Whether you’re a networking nerd, an electronics nerd or a physics nerd, you’ll find something interesting in Computerworld’s inside look at how the biggest names on the Internet design their data centers to get ever closer to peak efficiency. Data centers are inherently fascinating to everyone in the tech industry, and as we migrate to a more cloud-based future they’re only going to get more integral and more fascinating.
The key to a successful data center is its “power usage effectiveness,” or PUE. This is a measure of how efficiently they run. Many data centers run at an efficiency of around 2.0 PUE, meaning they use twice as much energy as they actually need. The PUE is the total energy consumed by all data centers within a company, divided by the energy consumed by IT.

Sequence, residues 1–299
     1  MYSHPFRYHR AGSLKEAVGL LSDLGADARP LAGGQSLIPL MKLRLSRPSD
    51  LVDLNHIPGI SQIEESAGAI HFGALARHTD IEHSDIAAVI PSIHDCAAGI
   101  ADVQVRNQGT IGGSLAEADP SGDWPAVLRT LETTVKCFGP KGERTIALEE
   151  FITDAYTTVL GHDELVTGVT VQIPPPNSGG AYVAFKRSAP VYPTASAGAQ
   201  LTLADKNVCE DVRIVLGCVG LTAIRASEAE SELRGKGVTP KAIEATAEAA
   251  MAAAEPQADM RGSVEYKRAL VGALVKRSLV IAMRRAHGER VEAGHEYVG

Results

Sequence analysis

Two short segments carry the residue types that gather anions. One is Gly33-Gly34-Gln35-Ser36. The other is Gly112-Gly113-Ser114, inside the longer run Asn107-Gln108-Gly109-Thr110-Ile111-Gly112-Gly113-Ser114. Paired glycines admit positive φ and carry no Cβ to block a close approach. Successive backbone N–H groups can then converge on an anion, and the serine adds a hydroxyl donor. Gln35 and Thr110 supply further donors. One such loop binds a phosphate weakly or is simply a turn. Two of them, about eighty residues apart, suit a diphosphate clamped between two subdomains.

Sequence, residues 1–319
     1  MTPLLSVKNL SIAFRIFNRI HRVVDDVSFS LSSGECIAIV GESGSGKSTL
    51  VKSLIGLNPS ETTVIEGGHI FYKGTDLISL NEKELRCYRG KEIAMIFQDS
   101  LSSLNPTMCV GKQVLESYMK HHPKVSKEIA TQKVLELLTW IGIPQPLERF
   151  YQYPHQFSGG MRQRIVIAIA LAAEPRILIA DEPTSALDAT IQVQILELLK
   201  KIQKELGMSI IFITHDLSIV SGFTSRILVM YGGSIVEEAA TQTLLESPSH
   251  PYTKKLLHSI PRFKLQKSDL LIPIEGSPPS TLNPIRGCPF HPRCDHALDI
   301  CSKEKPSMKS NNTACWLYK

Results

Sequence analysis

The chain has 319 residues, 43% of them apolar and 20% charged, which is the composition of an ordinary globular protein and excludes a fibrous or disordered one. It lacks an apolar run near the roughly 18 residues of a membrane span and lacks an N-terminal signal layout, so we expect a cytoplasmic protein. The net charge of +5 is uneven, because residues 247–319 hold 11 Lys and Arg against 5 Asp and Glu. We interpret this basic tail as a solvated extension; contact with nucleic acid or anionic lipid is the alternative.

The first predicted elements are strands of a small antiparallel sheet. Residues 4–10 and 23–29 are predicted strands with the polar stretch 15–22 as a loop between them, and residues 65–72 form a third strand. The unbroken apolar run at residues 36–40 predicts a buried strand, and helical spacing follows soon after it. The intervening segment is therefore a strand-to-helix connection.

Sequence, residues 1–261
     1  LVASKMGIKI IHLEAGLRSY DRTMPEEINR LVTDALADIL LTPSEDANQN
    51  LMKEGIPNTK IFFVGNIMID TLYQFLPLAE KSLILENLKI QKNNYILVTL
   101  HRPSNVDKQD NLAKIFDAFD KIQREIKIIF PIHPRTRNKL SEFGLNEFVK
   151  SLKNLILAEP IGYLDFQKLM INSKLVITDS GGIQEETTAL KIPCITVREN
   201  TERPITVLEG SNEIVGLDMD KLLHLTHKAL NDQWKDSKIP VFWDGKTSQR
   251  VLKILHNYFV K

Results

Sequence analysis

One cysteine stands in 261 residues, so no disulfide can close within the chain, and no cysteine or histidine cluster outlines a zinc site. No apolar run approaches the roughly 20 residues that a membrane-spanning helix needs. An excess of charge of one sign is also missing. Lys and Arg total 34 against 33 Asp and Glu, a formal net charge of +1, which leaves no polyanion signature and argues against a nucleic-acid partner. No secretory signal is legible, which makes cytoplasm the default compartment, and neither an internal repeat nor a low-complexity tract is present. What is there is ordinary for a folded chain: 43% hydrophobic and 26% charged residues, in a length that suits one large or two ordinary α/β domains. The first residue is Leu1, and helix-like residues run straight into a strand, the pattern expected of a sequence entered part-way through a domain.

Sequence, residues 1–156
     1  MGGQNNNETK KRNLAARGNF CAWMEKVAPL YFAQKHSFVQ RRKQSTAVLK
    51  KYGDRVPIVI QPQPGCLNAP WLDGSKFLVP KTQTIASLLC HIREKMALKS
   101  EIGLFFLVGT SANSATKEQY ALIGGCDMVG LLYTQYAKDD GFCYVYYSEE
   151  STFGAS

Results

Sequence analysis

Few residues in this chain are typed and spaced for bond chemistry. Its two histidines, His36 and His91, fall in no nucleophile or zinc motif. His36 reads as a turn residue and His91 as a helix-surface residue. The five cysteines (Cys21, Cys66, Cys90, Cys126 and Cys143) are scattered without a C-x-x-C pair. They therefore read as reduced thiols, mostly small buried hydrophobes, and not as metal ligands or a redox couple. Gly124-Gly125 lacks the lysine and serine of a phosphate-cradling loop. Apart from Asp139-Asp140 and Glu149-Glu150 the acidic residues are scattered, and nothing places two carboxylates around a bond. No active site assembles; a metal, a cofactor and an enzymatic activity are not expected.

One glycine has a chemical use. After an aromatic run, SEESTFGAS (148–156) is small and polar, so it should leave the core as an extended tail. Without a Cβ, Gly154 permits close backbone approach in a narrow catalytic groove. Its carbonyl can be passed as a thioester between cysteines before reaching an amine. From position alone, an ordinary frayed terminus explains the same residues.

Data centers devour energy in two ways: running the systems themselves and keeping them cool as they work. Attacking on both fronts—system efficiency and cooling efficiency—is vital. Everything matters, from the type of electricity used (AC or DC) down to the humidity of the local environment and the physical orientation in the landscape of the data center itself. As for uninterruptible power supplies, the one at Cisco’s new data center in Allen, Texas, looks like a steampunk submarine. It’s really cool stuff.